TEHRAN — A political battle is taking shape in over any new foreign role in developing the country’s enormous wealth, only a few weeks after the Iranian nuclear deal with foreign powers .
The battle pits hard-liners, including some who opposed the nuclear deal, against moderates aligned with President Hassan Rouhani, who has touted that deal as denoting a new economic era for Iran. Already the battle is threatening to complicate efforts to bring in much-needed foreign investment for Iran’s outdated oil industry, which remains a critical source of revenue for the country.
On Saturday hard-line students gathered in front of the Oil Ministry in Tehran to protest the terms of a proposed contract that would permit foreign oil companies to help revitalize outdated wells and infrastructure. The proposal amounted to “the plundering of national wealth,” the students shouted.
Dozens of protesters were arrested by riot police officers who “severely beat up female students,” the semiofficial Fars news agency reported.
At the same time, new doubts have arisen about a conference organized by the Oil Ministry scheduled for February in London, where the contract was to be presented. A ministry official was quoted on Saturday by Seda, an Iranian magazine, as saying that the conference had been canceled.
The official, Ali Kardor, deputy head of the national oil company, was quoted as saying that there was no need for such a conference because bidding by foreign oil companies would be held in May. But he also suggested that the conference had been canceled because Iranian participants had faced problems obtaining visas to attend.
It remains unclear precisely why the conference was canceled. It had been announced and postponed four times, hinting at disagreements over the terms.
The protests in front of the Oil Ministry appear to have originated partly over anger at where he signed a memorandum of understanding with the French firm Total to export up to 200,000 barrels of Iranian crude oil day, the first deal following the lifting of the sanctions.
Iran’s oil industry needs around $150 billion in investments, industry experts have estimated. The lifting of the sanctions on Jan. 16 allows oil majors such as Anglo-Dutch Shell, Total, Spain’s Repsol, and ENI of Italy to return to Iran where they had all long been active before sanctions started biting in 2012.
American oil companies are banned under United States law from working in Iran.
The proposed contract for foreign oil companies, known as the “Iran Petroleum Contract,” is meant to replace older contracts that industry officials regard as obsolete. Under the proposal, outside oil companies would gain rights to a set percentage of Iran’s enormous oil reserves for 20 or 25 years.
According to Reza Zandi, an Iranian journalist who specializes in the oil and gas industries, the issue concerns language in the Iranian Constitution, which prohibits privatization or foreign ownership of the exploration and production sections of the oil industry. The proposed contract has been interpreted by some as circumventing that prohibition.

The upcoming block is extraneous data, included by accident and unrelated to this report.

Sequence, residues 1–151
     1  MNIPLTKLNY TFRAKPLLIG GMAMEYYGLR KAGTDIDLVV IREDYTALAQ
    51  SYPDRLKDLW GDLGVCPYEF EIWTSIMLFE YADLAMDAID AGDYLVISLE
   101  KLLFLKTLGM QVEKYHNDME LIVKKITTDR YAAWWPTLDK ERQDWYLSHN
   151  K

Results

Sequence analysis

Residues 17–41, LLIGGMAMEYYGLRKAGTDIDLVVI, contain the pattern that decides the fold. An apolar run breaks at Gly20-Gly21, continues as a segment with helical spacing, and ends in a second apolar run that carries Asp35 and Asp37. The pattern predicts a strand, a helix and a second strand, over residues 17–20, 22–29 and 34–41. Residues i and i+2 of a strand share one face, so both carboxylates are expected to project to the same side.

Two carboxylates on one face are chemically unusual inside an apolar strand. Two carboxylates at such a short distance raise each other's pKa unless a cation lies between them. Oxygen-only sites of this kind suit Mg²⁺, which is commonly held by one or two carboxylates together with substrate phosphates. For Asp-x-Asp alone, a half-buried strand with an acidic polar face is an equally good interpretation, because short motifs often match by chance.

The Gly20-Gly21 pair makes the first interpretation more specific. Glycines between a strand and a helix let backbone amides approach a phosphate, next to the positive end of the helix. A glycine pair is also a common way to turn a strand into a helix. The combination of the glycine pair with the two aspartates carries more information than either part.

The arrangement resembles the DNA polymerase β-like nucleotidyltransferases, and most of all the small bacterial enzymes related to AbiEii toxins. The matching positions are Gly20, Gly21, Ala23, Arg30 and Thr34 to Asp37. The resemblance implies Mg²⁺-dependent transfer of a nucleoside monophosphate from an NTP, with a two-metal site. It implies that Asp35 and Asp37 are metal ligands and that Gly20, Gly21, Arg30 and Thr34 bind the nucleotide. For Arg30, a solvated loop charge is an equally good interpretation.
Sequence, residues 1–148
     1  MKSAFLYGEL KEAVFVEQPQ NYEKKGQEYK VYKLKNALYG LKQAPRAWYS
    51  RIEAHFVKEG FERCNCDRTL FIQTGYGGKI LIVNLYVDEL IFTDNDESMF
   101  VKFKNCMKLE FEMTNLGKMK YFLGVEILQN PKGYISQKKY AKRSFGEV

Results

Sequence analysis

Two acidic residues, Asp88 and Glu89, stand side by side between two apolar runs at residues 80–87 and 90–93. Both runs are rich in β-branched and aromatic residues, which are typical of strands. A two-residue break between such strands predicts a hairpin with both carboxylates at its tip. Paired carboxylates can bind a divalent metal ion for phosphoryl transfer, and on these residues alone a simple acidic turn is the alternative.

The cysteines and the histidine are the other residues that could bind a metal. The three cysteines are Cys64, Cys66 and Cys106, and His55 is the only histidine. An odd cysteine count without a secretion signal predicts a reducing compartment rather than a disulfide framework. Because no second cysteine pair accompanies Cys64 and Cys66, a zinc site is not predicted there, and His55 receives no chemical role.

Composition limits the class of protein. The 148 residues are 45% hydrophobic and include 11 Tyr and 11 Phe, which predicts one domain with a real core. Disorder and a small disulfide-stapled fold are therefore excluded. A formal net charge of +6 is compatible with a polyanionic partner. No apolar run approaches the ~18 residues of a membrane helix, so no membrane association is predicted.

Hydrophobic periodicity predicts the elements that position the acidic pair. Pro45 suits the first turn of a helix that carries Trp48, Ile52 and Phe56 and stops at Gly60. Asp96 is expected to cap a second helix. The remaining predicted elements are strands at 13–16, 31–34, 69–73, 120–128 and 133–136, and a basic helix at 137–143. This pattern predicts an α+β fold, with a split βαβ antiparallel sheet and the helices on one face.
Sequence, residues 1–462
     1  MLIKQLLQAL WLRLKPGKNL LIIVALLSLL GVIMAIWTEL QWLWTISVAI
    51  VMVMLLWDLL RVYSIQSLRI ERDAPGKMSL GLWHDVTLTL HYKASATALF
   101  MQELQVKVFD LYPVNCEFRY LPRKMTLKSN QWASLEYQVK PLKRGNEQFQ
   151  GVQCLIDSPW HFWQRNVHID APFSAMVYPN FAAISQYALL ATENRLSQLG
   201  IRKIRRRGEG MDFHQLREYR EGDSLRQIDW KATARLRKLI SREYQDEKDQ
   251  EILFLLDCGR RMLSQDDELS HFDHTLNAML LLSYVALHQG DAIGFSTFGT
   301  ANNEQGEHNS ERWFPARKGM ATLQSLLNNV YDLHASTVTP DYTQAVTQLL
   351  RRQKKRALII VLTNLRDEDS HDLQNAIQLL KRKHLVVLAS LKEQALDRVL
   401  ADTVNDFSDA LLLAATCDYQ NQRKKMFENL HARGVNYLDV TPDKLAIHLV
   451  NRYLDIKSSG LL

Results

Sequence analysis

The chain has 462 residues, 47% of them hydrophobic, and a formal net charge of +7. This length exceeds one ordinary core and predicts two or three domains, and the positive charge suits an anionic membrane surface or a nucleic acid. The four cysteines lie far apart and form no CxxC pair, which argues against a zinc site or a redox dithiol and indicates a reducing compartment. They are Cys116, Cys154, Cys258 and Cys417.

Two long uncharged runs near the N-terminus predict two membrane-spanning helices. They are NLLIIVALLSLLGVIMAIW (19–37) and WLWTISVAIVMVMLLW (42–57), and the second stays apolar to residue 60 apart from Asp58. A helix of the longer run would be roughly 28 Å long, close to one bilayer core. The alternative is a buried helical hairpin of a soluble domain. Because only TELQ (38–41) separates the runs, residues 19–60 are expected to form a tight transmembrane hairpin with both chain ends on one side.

Who owns the oil is an especially sensitive subject in Iran, where Britain controlled almost all crude in the first half of the last century, paying Iranian rulers next to nothing in return.
In 1953, the country’s first democratically chosen prime minister, Mohammad Mossadegh, nationalized the country’s oil industry, angering the British who in turn encouraged the United States to organize a coup d’état in Iran. Mr. Mossadegh was ousted from power but Britain never regained control of Iran’s crude.
Opponents of the new contract say that it will allow oil majors to control at least a part of Iran’s oil, which they regard as national wealth. They accuse the Oil Ministry and Mr. Rouhani of sweetening the proposed contract to such an extent that foreign companies will be able to all but own oil wells.
Hamidreza Taraghi, a political analyst with close ties to some of Iran’s highest leaders, said the proposed contract “means a return to pre-Mossadegh times, when the consortiums had the upper hand in everything.”
With oil constituting at least one-third of Iran’s annual income, the issue goes far beyond just the Oil Ministry or its subsidiary, the National Iranian Oil Company. All major centers of power are involved in some way or another, and the increasing protest over the proposed contract illustrates differences of opinion over its terms, analysts say.
In November the cabinet endorsed the contract, but the Expediency Discernment Council, an oversight body, will examine its content, the semiofficial Mehr news agency reported on Saturday.
“The cancellation of the conference gives the opportunity for more domestic consensus on the oil contract,” Mr. Zandi said.
One influential conservative lawmaker, Ahmad Tavakkoli, expressed support for the student protest and said that the contract language needed much more careful scrutiny. “Even dozens of street protests are too few to criticize the agreement,” Mr. Tavakkoli was quoted as saying by Fars.